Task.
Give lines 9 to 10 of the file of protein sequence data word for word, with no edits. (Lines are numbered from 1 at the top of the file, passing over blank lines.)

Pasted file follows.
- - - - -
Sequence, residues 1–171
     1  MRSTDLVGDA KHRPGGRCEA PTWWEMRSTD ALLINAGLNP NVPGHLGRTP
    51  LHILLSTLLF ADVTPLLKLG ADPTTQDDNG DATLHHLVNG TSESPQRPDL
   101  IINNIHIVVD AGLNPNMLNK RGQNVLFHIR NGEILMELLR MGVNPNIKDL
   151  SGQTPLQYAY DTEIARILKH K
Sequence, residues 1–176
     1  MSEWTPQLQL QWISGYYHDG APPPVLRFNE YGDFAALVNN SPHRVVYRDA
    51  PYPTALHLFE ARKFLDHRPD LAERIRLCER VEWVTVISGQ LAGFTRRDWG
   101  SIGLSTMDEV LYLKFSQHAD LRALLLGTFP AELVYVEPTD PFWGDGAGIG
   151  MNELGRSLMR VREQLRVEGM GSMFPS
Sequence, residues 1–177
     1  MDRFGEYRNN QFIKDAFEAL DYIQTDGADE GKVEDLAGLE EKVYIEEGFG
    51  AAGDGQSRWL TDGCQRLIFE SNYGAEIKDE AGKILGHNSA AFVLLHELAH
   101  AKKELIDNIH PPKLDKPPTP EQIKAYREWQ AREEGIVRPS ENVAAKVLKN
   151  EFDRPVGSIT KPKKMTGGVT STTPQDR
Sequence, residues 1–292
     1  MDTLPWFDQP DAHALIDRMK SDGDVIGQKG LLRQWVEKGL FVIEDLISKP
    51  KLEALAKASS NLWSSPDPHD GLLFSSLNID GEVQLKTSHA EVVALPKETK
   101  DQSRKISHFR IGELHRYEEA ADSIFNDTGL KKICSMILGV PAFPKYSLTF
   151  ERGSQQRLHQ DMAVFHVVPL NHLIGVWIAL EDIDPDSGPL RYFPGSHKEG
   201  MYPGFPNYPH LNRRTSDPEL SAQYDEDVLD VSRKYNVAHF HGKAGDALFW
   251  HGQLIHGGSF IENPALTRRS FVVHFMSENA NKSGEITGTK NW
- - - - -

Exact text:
   101  SIGLSTMDEV LYLKFSQHAD LRALLLGTFP AELVYVEPTD PFWGDGAGIG
   151  MNELGRSLMR VREQLRVEGM GSMFPS